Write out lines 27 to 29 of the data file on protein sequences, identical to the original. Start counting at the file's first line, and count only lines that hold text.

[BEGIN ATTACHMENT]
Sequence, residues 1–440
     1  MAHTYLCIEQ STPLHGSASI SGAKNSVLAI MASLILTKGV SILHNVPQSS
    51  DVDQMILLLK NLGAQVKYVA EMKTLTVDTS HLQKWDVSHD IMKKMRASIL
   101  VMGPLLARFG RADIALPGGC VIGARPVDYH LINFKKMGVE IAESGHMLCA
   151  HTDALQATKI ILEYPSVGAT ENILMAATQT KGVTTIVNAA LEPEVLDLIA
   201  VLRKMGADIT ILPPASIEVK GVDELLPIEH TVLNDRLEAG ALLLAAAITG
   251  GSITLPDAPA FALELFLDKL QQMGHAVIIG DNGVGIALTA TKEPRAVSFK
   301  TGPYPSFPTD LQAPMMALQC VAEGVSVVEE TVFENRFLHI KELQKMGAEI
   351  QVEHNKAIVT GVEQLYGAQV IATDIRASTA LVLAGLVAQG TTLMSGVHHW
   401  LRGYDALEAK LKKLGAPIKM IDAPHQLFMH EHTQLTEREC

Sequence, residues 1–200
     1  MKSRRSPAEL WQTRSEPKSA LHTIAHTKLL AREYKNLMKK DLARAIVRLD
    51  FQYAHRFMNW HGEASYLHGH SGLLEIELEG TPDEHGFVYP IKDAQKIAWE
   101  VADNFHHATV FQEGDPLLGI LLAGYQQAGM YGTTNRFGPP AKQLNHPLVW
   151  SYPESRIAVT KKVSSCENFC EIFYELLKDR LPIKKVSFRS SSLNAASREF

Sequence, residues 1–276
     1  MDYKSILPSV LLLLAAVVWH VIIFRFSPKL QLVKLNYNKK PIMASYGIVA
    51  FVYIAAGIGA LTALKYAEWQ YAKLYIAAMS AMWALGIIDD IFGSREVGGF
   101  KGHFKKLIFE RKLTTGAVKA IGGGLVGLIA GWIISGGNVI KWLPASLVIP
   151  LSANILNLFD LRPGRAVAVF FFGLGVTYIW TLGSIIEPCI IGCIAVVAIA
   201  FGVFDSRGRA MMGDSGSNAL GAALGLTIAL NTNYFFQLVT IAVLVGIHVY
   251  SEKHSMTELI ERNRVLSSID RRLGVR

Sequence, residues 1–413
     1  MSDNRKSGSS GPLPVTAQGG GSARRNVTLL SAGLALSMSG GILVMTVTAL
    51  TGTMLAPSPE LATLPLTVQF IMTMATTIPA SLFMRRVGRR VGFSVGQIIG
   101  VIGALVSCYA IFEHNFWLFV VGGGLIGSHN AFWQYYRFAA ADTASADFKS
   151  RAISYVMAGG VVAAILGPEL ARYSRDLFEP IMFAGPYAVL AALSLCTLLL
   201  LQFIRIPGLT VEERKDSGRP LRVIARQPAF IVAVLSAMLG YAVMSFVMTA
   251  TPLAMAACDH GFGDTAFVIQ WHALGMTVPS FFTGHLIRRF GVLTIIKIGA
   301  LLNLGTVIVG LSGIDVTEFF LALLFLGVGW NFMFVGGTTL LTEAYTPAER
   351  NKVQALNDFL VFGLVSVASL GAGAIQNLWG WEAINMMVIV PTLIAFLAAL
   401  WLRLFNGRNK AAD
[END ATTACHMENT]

   151  RAISYVMAGG VVAAILGPEL ARYSRDLFEP IMFAGPYAVL AALSLCTLLL
   201  LQFIRIPGLT VEERKDSGRP LRVIARQPAF IVAVLSAMLG YAVMSFVMTA
   251  TPLAMAACDH GFGDTAFVIQ WHALGMTVPS FFTGHLIRRF GVLTIIKIGA